Five Common Landscape Mistakes
Twin Pines Landscaping, a division of the Twin Pines Family of Companies, has become an expert in outdoor home improvement since the company’s conception in 1991. In that time, our team has worked on thousands of different landscapes in MetroWest Massachusetts area, each with their own, unique set of needs.
Despite how different the needs of each yard may be, there are a few common mistakes we’ve found homeowners are making across the board, and we’re here to help!
1. Not Doing a Spring Cleanup
Spring cleanup is an incredibly important step in helping maintain the quality of your landscape. During winter months, leaves, tree branches, and other materials can fall from trees, covering grass and mulch areas with debris. This alone can cause problems to the health of grass or plants below, but for areas like the North East which also experience high volumes of snow, grass and plants are even more susceptible to issues like winter rot.
Taking the time to do a thorough spring cleanup once all that snow melts will be a determining factor in the health and look of your lawn as the weather warms. A proper spring cleanup includes raking away debris, dethatching your lawn, and prepping for spring by edging garden beds, seeding bare patches, pruning/trimming hedges and trees, and more. Consult a landscape expert like those at Twin Pines to learn more about the specific cleanup needs of your yard.
2. Mowing Grass Too Early & Cutting It Too Short
Although some feel the impulse to mow their lawn as soon as the weather warms, it is essential that homeowners complete the first mow of their grass when it reaches 2-3 inches high. This height is recommended for various reasons, including the reduced risk of diseases for the grass, and the fact that it protects the roots and allows the plant to be established before cutting it down.
We also recommend never cutting grass shorter than 2.5 inches. Keeping grass at this length will allow it to continue blocking out the sun, which weed seeds depend on to germinate. To accomplish this specific cut length, raise your mower’s blade to the highest possible notch.
3. Keeping The Same Watering Levels Throughout The Season
One of the biggest mistakes we see homeowners make is establishing a watering plan that doesn’t change as the seasons do. Your lawn and plants need precise amounts of water depending on the time of year and also on their stage of development, and all watering methods should adjust to fit that need.
Where plantings and shrubs may require different amounts of water depending on the plant type and its point of maturity, the amount needed seasonally for lawns is the same across the board.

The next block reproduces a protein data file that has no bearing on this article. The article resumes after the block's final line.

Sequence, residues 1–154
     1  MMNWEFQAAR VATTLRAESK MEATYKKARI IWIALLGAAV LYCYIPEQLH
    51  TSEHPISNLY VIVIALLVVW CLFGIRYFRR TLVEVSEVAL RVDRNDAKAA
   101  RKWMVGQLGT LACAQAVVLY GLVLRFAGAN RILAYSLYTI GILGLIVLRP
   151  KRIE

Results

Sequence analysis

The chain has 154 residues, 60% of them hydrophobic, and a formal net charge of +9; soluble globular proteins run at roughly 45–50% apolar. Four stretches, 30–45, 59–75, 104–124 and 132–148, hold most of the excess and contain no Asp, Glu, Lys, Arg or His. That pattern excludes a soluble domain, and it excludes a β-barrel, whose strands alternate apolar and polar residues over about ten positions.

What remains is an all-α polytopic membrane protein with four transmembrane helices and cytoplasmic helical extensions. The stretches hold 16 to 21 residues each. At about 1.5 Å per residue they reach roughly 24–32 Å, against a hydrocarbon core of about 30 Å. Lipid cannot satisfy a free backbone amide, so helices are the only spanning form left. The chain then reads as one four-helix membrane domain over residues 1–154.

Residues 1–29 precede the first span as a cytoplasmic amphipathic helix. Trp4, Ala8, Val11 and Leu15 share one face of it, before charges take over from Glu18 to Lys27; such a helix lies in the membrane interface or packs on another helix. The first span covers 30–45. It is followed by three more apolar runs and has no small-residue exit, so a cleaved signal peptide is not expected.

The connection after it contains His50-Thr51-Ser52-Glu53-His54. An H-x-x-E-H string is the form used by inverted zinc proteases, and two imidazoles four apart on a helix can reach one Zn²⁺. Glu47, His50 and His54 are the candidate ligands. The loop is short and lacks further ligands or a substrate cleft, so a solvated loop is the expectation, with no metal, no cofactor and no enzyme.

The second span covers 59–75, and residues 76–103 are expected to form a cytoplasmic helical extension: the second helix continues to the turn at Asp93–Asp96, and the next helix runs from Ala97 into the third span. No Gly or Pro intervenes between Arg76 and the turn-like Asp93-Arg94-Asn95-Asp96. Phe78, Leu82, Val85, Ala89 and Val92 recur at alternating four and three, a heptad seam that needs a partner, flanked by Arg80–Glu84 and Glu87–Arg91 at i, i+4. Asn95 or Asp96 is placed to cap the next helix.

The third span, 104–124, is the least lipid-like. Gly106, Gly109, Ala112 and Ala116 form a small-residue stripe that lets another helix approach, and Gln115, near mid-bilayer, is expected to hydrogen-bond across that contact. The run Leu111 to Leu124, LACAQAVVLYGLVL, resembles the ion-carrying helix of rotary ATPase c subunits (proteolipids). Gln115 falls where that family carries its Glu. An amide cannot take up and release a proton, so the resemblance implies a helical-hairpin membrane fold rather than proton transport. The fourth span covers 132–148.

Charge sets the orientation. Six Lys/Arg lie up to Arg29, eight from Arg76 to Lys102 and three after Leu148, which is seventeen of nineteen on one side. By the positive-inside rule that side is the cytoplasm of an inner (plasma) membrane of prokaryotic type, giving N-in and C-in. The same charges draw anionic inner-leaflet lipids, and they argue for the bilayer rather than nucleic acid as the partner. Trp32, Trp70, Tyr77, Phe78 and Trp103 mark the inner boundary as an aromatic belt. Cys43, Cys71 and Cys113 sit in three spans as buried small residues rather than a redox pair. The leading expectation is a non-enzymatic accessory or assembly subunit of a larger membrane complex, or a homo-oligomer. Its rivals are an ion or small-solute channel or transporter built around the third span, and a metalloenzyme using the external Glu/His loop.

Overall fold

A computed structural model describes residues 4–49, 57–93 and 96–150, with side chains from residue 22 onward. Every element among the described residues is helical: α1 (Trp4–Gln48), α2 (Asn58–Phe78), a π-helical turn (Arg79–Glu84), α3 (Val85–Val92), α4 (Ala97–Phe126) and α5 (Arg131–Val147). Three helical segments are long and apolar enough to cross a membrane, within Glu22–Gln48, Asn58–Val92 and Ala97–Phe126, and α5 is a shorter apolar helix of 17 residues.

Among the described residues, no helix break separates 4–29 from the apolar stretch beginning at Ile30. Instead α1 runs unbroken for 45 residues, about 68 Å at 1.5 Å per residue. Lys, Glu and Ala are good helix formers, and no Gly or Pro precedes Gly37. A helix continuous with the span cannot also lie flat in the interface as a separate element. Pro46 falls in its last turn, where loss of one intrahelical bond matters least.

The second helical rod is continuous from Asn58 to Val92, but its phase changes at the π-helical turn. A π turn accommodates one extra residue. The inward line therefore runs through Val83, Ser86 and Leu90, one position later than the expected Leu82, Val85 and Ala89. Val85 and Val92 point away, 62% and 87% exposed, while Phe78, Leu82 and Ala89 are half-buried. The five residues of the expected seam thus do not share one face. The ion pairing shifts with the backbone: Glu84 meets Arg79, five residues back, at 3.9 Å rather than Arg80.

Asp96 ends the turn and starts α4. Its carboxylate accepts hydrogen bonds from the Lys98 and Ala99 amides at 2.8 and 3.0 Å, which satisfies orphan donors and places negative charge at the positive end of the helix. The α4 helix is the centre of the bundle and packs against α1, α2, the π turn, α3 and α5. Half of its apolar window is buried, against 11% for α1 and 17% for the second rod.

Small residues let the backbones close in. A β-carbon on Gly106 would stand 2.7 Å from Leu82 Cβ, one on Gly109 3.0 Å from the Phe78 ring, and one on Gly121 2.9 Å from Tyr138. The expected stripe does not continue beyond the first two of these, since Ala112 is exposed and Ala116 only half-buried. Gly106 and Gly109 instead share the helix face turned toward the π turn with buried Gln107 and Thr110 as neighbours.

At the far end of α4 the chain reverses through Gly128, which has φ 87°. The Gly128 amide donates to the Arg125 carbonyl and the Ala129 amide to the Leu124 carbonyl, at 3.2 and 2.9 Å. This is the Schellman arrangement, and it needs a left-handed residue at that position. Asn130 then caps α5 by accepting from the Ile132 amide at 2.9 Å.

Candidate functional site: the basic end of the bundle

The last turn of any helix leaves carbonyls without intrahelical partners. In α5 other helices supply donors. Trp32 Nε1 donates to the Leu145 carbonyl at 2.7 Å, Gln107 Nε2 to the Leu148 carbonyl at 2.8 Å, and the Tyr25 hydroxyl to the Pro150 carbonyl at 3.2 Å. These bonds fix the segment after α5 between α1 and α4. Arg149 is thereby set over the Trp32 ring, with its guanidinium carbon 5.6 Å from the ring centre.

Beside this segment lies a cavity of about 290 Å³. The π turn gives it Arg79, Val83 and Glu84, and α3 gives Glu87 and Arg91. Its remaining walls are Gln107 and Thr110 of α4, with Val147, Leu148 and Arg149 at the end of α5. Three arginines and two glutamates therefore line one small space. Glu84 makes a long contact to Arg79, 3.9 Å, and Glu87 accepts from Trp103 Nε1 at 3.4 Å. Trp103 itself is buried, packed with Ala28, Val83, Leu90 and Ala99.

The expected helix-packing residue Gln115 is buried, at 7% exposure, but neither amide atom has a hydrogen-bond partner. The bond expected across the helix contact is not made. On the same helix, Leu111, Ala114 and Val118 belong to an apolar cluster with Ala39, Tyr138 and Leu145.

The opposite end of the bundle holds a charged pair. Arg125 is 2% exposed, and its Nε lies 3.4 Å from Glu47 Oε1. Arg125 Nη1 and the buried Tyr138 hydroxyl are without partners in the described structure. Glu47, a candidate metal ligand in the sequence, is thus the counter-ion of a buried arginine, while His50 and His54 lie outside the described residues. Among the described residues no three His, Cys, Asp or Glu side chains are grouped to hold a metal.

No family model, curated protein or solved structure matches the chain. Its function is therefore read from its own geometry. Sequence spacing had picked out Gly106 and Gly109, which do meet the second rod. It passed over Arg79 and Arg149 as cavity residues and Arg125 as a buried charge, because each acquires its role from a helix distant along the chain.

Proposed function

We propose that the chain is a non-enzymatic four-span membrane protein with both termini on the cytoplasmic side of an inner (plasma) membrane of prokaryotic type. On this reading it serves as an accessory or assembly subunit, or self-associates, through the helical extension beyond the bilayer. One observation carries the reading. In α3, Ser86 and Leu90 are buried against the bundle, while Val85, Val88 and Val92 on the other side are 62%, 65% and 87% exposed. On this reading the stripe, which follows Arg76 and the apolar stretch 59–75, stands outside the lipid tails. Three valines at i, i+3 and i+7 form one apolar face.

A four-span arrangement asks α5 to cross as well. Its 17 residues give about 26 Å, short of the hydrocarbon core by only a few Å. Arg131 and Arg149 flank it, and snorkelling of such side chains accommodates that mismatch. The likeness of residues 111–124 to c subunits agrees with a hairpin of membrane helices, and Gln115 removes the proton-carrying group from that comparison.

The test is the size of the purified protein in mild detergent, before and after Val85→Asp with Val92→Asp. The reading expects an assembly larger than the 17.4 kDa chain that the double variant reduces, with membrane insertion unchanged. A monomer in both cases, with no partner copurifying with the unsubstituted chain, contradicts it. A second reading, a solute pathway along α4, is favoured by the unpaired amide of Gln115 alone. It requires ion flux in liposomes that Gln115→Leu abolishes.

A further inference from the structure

The suggested weekly watering amounts for your lawn include:
- Spring: .5 inches
- Summer: 1-2 inches
- Fall: .75 inches
It is important to note that the amount recommendations are cumulative; for example, the 1-2 inches weekly in summer should not be done in two to four .5 inch intervals, but all at once. This is because waterings need to drench the grass fully, rather than just dampen it.
And although it may seem impossible to measure out what constitutes 1 inch of watering, for instance, we have established a fun and easy way for homeowners to get a feel for it. Take an empty, generic-sized tuna fish can, which measures about 1 inch deep, and practice filling it up from a hose. However many seconds it takes to fill that can should directly correlate to however many seconds you will need to wait while watering with a hose to provide your lawn with a full 1 inch of water. Homeowners that water through other methods will have to adjust this test accordingly, but it is, in general, an easy way to get an idea about how much water to use.
Another important tip to keep in mind regarding watering is that rain does not constitute a watering. If it rains but there’s only a cumulative .25 inch of rain on the ground mid-summer, that is still .75-1.75 inches less than required. Keep this in mind and plan accordingly when scheduling weekly waterings.
Please also always be sure to take local water bans into consideration when watering your plants.
4. Not Enrolling In An Established Fertilization Program
Fertilization is an incredibly important aspect of landscape maintenance and is most effective when it is done correctly as part of a multi-step fertilization program. The main goal of fertilization is weed prevention and grub control, but each step can actually help your lawn in a different way.
At Twin Pines, for example, we use a 5-Step Fertilization Program (plus a bonus Lime Application between steps 4 and 5.) In our particular program, the steps include:
Make sure to establish a plan such as this if you are going to be doing fertilization on your own, or enlist the help of a licensed company like Twin Pines to do it for you!
5. Not Doing Enough Research
Specifically, when it comes to plantings, many homeowners choose which flowers and shrubs to install in their yards based purely on the look, but a thriving landscape should feature more than just a cohesive color scheme. Homeowners should always consider the amount of water, type of soil, and the amount of sun or shade each plant requires to thrive. Keeping choices like these in mind when choosing what plants to grow together will not only make caring for them a lot easier but will also ensure they are all flourishing at the same rate.
This season, for instance, we are seeing a trend of drought-resistant plantings as a result of recent water bans. Making educated choices like this can not only ensure you are investing in plants that will flourish in the current conditions but that you are respecting the limitations of the environment they are planted in, as well.
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